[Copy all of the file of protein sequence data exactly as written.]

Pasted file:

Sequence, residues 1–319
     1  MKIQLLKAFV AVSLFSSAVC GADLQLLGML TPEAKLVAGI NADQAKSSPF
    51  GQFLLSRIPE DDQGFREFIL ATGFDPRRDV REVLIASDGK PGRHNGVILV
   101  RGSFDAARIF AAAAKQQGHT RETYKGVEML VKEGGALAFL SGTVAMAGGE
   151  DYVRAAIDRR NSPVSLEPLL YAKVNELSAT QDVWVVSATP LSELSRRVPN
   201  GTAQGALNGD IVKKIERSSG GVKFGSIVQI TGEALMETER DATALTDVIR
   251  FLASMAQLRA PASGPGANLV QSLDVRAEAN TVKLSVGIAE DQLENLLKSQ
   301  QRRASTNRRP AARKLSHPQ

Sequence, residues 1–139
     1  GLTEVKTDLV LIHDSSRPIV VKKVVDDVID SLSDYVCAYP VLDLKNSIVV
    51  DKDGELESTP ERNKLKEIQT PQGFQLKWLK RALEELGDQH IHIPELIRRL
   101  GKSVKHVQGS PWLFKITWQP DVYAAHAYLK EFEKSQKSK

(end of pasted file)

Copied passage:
Sequence, residues 1–319
     1  MKIQLLKAFV AVSLFSSAVC GADLQLLGML TPEAKLVAGI NADQAKSSPF
    51  GQFLLSRIPE DDQGFREFIL ATGFDPRRDV REVLIASDGK PGRHNGVILV
   101  RGSFDAARIF AAAAKQQGHT RETYKGVEML VKEGGALAFL SGTVAMAGGE
   151  DYVRAAIDRR NSPVSLEPLL YAKVNELSAT QDVWVVSATP LSELSRRVPN
   201  GTAQGALNGD IVKKIERSSG GVKFGSIVQI TGEALMETER DATALTDVIR
   251  FLASMAQLRA PASGPGANLV QSLDVRAEAN TVKLSVGIAE DQLENLLKSQ
   301  QRRASTNRRP AARKLSHPQ

Sequence, residues 1–139
     1  GLTEVKTDLV LIHDSSRPIV VKKVVDDVID SLSDYVCAYP VLDLKNSIVV
    51  DKDGELESTP ERNKLKEIQT PQGFQLKWLK RALEELGDQH IHIPELIRRL
   101  GKSVKHVQGS PWLFKITWQP DVYAAHAYLK EFEKSQKSK